continued The administration claims that the city wasn't protecting big sewer users dishonestly. "There were legal issues that arose," says a spokesperson. The city attorney had to look at those issues and give an opinion on how to proceed. "In January of 2003 the information was stale, so there had to be an update." That's why the study was not made public until October of 2003, says the spokesperson. However, this explanation does not address most of Frye's observations.
In the Shames suit, Riley is arguing that Proposition 218 language doesn't apply. Water usage "is a commodity and not a tax that would be governed by 218," he says. "We don't bill people who live in Point Loma less because they are closer to the main pump station."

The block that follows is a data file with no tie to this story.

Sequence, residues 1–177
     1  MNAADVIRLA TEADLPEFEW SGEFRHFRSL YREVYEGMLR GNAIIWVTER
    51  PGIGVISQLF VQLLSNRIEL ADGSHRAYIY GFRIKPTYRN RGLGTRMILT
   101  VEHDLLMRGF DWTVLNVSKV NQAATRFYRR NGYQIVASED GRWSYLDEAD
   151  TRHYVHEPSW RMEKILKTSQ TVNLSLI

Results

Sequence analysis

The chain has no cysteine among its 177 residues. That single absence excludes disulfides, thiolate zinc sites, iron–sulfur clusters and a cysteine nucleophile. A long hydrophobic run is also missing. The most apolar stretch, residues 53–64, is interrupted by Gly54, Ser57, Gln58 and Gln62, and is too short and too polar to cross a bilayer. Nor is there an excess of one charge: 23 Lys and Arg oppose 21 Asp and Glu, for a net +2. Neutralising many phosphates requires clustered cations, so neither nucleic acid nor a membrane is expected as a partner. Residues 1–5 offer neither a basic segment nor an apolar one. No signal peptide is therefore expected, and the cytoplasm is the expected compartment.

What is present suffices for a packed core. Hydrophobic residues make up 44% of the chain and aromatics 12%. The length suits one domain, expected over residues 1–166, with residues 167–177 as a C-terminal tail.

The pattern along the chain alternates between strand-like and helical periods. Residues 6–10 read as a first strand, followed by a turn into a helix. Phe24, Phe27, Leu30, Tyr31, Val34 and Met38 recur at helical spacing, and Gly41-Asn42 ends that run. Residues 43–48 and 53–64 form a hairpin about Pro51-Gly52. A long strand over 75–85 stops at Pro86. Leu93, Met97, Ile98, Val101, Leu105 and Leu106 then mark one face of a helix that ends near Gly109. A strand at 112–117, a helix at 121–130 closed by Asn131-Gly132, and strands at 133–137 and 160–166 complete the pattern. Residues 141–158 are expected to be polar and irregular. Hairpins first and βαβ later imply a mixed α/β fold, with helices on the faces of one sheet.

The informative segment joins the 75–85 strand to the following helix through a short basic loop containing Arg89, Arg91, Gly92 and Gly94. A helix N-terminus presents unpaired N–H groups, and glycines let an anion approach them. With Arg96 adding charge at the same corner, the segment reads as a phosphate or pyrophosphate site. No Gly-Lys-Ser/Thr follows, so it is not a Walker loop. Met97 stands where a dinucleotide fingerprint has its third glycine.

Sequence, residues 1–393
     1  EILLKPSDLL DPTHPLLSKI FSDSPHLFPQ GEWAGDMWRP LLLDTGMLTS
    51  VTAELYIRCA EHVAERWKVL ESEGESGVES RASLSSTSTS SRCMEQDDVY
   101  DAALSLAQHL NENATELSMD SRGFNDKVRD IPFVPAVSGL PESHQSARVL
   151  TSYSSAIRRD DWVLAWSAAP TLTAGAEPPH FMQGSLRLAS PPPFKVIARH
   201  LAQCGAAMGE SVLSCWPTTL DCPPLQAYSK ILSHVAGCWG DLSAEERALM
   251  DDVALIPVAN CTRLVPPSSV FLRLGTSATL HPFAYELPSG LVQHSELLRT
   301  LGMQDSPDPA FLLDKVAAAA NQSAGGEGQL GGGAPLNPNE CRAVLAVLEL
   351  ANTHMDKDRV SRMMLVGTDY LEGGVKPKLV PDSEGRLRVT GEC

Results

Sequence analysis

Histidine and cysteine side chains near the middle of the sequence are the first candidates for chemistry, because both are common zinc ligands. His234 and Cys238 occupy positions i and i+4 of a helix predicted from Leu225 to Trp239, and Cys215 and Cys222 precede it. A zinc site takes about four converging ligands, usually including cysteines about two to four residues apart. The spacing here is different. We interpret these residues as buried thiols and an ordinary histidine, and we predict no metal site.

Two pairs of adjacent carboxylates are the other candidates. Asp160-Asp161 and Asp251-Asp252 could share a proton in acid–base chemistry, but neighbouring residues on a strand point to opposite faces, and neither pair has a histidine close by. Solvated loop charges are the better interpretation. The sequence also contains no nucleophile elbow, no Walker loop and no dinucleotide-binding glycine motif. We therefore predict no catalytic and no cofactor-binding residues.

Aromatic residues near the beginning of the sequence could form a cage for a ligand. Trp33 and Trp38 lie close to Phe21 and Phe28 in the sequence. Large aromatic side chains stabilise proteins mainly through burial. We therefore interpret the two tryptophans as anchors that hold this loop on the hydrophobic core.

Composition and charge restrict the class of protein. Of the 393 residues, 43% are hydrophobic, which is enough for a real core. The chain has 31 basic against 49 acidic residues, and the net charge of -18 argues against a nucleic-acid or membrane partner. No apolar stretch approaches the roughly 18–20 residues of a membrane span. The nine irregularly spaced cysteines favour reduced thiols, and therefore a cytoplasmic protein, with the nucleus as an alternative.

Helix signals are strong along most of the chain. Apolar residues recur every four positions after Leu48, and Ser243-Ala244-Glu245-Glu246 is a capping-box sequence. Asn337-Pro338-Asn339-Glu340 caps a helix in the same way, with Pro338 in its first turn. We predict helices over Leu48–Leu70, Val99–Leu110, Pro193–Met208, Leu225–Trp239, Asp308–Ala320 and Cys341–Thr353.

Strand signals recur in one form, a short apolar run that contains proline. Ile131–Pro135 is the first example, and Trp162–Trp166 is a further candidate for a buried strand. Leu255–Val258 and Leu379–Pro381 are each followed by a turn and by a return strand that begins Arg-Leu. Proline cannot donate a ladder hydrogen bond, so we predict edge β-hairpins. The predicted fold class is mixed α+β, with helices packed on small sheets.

In any case, the statute of limitations in this case may be as few as 100 days -- at most, three years, says Riley. Therefore, $200 million is a ludicrous sum, he claims. He also says that usage proportionality can't be determined with exactitude.
The statute of limitations "is something that will require a judge to determine," counters Benink. He agrees that "you can never be exact on proportionality, but the city omitted an extremely important cost component: organics, and that's the focus of the suit. The city failed to charge proportionately." Legally, organic pollutants, or bacteria-laden materials that absorb oxygen from the water, cannot be excessively dumped in the ocean. Complianace costs money that hasn't been paid by the offenders. This suit attempts to rectify that.